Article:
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Read Tomorrow 3.0!

Summary:
Economics, Book/Article Reviews If haven’t yet, you should read Munger’s new book Tomorrow 3.0  , just published by Cambridge. Munger carefully explains how technology is reducing transactions costs in such a way that, very likely, in the near future the way we live and work, and our relationship to property, will change dramatically. We’re likely moving to a world where we will own very little and rent everything we need. For those reading this blog, the book has even deeper interest. It’s not just a book about current events, making sense of Über, and what not. Rather, it’s also a theory of property rights. Why do property rights exist? Why do we have an interest in owning things? Answer:

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Economics, Book/Article Reviews

If haven’t yet, you should read Munger’s new book Tomorrow 3.0  , just published by Cambridge. Munger carefully explains how technology is reducing transactions costs in such a way that, very likely, in the near future the way we live and work, and our relationship to property, will change dramatically. We’re likely moving to a world where we will own very little and rent everything we need.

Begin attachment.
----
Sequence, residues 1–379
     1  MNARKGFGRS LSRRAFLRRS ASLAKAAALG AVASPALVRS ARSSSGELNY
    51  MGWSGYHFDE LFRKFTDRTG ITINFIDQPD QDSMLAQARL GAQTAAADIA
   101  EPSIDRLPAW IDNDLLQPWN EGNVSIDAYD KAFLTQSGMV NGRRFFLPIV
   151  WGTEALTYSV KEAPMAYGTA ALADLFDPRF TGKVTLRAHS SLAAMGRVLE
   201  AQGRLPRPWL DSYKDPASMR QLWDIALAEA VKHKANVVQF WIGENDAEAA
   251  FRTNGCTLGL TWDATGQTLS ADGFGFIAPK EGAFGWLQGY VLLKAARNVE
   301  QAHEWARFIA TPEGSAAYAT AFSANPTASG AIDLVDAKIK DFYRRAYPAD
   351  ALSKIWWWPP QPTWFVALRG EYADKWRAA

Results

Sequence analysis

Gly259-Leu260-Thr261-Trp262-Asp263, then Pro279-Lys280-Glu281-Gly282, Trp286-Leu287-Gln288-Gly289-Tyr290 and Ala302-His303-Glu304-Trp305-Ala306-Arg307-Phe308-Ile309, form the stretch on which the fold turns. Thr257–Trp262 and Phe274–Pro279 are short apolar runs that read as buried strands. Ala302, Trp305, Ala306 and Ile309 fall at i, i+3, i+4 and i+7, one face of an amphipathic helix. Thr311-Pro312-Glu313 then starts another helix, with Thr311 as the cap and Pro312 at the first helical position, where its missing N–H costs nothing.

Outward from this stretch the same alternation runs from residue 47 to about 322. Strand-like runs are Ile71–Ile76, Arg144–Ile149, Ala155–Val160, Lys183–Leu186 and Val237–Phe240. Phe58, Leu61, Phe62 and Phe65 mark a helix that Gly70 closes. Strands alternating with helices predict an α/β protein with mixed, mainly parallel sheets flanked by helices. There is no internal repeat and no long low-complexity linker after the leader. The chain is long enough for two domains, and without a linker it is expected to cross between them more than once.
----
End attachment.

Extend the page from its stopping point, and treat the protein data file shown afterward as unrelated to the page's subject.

For those reading this blog, the book has even deeper interest. It’s not just a book about current events, making sense of Über, and what not. Rather, it’s also a theory of property rights. Why do property rights exist? Why do we have an interest in owning things?

Answer: Transaction costs. In general, we don’t desire to own goods themselves; we desire instead to have ready and immediate access to the services those goods provide. We bother with owning and storing goods because right now, with current technology, there’s no easy way to have the services goods provide on demand without owning things. But that’s about to change.

Jason Brennan
Jason Brennan (Ph.D., 2007, University of Arizona) is Robert J. and Elizabeth Flanagan Family Chair and Associate Professor of Strategy, Economics, Ethics, and Public Policy at the McDonough School of Business, and by courtesy, Associate Professor of Philosophy, at Georgetown University, and formerly Assistant Professor of Philosophy, Research, at Brown University. He specializes in political philosophy and applied ethics.

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